Therefore, there was much rejoicing in the announcement and release of a superb DVD that Kevin has spent years to put together. First and foremost, it is something that can be enjoyed by the entire family—a rare enough quality these days. This DVD called “A Wild Life” is a must-have for the Christmas wish list. There are three segments, each 42 minutes long. Part One is a collection of Kevin’s comedy routines and are suitable for family viewing. Part Two is a video compilation of much of Kevin’s wildlife work that has taken him around the globe, such as footage with polar bears in the town of Churchill, Manitoba, Canada or working with rescued seals in Ireland or tracking endangered vultures in Mongolia. The third segment of the DVD is devoted to children and has some incredible games that adults will no doubt sneak out of their kids’ rooms to try for themselves. “One game, called “X-Rays” shows various x-rays and allows the kids to make the diagnosis”, said Kevin. “It’s 30 years of what I’ve cut out of dog’s stomachs. So they see the x-ray and we say that the dog was near a Christmas tree and we’re worried it might have eaten a Christmas ornament and allow the kid to make the diagnosis. They decide whether or not the dog needs surgery and we help direct them in their decision- making. Another game has 22 North American mammals and birds and their footprints. So these are footprints a kid might see in his or her neighborhood or around their house. We help them become an expert tracker. They can kind of go on an urban safari. It helps them become more connected to the world around them. The main thing is that this is something a parent can do with a kid or a big sister can do with a younger kid but both are going to be entertained”. And if anyone knows about entertainment—it is Kevin Fitzgerald.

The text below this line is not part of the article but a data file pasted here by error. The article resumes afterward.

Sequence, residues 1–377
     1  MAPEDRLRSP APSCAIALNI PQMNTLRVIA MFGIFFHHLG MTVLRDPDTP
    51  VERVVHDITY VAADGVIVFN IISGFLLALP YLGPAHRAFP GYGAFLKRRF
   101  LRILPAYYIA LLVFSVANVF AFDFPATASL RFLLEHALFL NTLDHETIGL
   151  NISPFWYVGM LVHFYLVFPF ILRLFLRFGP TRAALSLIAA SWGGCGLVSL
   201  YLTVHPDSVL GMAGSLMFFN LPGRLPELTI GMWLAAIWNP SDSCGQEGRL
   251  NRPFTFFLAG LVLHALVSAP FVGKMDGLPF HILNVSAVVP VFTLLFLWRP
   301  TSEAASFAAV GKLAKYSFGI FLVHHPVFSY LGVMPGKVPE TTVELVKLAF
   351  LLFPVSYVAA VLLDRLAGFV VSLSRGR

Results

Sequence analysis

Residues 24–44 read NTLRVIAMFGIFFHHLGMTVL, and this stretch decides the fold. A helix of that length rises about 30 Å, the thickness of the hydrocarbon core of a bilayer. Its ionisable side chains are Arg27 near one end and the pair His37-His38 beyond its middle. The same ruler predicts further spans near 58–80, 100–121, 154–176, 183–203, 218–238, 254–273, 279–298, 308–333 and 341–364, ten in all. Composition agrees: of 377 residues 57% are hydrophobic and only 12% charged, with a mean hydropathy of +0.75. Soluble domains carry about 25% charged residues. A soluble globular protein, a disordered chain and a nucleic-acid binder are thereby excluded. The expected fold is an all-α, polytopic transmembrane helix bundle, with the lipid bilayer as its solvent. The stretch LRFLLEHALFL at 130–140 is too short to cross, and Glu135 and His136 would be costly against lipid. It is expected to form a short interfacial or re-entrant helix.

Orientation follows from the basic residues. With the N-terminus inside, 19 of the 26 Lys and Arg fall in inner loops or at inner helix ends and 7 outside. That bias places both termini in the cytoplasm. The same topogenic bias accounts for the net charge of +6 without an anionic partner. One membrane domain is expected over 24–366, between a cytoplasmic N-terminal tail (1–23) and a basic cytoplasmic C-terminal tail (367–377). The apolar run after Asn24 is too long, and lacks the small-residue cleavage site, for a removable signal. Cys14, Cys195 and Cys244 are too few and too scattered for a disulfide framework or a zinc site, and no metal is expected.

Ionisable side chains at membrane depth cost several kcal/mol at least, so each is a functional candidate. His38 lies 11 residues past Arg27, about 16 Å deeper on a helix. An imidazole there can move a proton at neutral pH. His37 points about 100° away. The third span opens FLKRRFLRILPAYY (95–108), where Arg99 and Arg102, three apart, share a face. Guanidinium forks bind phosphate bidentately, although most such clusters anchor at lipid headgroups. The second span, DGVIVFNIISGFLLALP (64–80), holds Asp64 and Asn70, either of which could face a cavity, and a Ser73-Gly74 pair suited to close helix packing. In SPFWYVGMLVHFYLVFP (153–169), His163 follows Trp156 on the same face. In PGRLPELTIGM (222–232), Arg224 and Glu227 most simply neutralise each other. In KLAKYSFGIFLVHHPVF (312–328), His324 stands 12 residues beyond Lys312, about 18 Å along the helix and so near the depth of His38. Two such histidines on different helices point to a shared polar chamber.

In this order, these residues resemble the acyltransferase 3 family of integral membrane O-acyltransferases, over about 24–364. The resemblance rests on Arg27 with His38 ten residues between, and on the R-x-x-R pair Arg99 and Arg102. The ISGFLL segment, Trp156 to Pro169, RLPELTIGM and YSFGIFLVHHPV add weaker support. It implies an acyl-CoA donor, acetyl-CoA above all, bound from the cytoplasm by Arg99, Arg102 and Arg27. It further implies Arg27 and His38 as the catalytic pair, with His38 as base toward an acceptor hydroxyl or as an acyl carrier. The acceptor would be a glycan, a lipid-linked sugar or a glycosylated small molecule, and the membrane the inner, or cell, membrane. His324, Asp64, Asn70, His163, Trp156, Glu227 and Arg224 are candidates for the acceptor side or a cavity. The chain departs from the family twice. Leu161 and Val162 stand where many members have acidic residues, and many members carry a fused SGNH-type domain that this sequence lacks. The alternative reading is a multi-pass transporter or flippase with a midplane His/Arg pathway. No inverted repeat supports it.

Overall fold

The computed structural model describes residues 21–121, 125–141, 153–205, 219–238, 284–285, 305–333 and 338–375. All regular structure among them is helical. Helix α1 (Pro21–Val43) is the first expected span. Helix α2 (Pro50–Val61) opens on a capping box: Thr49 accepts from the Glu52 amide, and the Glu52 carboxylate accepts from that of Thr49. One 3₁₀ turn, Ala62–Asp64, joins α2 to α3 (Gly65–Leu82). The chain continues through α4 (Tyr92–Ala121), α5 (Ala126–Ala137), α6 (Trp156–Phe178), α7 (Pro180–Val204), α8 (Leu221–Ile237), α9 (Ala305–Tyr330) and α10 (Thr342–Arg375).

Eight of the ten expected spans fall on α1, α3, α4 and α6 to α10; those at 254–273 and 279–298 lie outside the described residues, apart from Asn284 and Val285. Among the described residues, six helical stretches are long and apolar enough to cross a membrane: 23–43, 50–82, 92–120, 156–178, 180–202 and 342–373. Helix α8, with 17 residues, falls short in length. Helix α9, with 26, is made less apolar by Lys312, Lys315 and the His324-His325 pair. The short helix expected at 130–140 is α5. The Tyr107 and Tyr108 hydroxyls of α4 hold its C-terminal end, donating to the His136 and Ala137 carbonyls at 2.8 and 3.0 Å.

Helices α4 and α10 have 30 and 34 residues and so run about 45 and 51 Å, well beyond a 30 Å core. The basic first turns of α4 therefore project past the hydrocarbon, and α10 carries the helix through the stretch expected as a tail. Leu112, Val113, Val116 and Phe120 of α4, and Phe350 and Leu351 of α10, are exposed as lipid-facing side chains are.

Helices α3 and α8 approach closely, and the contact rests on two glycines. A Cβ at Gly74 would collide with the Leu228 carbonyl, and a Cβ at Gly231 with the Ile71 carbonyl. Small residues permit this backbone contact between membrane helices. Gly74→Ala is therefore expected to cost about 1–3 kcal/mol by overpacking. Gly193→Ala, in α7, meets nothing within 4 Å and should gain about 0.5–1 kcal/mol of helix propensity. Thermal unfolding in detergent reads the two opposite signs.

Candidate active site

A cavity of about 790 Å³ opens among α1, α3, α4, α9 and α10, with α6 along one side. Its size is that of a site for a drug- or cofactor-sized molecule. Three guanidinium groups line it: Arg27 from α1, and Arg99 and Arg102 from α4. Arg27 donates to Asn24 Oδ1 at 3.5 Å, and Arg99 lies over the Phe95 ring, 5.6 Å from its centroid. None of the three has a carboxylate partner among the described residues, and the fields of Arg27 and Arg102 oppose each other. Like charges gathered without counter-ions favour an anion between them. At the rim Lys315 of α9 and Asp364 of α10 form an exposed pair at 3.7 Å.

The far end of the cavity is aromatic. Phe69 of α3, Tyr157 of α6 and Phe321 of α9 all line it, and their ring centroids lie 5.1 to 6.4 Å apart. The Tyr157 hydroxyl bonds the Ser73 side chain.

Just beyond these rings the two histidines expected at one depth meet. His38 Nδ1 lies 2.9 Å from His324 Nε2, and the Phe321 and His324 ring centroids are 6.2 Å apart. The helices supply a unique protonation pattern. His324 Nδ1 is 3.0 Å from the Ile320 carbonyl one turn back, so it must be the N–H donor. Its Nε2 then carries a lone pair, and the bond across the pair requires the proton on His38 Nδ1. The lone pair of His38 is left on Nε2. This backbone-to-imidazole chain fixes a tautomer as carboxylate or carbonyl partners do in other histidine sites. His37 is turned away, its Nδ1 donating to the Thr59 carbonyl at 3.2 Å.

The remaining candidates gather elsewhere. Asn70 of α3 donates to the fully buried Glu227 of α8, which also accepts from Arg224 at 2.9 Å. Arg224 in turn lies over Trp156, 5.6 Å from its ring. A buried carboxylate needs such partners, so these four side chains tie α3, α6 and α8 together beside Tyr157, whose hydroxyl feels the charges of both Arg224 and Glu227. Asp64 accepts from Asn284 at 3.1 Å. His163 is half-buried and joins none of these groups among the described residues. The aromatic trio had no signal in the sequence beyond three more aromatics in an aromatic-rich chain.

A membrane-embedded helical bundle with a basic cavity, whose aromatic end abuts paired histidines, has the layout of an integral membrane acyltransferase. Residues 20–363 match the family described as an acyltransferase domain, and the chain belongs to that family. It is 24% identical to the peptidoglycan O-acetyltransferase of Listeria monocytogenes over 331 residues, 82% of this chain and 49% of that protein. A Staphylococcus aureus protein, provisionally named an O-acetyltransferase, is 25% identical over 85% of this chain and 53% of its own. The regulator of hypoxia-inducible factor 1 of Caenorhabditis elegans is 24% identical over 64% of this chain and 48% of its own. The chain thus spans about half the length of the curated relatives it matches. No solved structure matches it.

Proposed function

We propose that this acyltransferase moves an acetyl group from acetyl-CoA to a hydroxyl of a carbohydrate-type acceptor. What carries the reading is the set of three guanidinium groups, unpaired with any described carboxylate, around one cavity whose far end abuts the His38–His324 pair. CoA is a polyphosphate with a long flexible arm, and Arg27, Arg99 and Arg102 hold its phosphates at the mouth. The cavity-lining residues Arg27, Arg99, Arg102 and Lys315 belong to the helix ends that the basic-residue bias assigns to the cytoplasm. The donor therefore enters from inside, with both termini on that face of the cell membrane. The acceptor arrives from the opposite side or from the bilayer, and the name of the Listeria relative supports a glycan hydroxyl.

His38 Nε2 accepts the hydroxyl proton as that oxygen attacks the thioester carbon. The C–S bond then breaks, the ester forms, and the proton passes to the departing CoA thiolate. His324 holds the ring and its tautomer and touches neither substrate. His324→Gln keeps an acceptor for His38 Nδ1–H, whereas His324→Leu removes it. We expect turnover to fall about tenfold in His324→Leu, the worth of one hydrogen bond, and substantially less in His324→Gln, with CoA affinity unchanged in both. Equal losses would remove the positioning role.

“A Wild Life” is available at

gathering-ireland-2013 red

As you read this we are less than one short month away from the official launch of The Gathering Ireland 2013. The Gathering is a year long invitation to the Irish Diaspora, (all 70 million of us!) to come home and enjoy the party, to celebrate our culture and heritage and to reconnect with friends, relatives and all things Irish. It is the Irish government and communities throughout the country rolling out the red carpet for Ireland’s extended family around the globe. No effort will be spared to make sure that those who travel have the time of their lives. Plans are already set for thousands of events, spread throughout every county, from family and clan gatherings to company conventions, from sporting fixtures to a whole array of
spectacular festivals.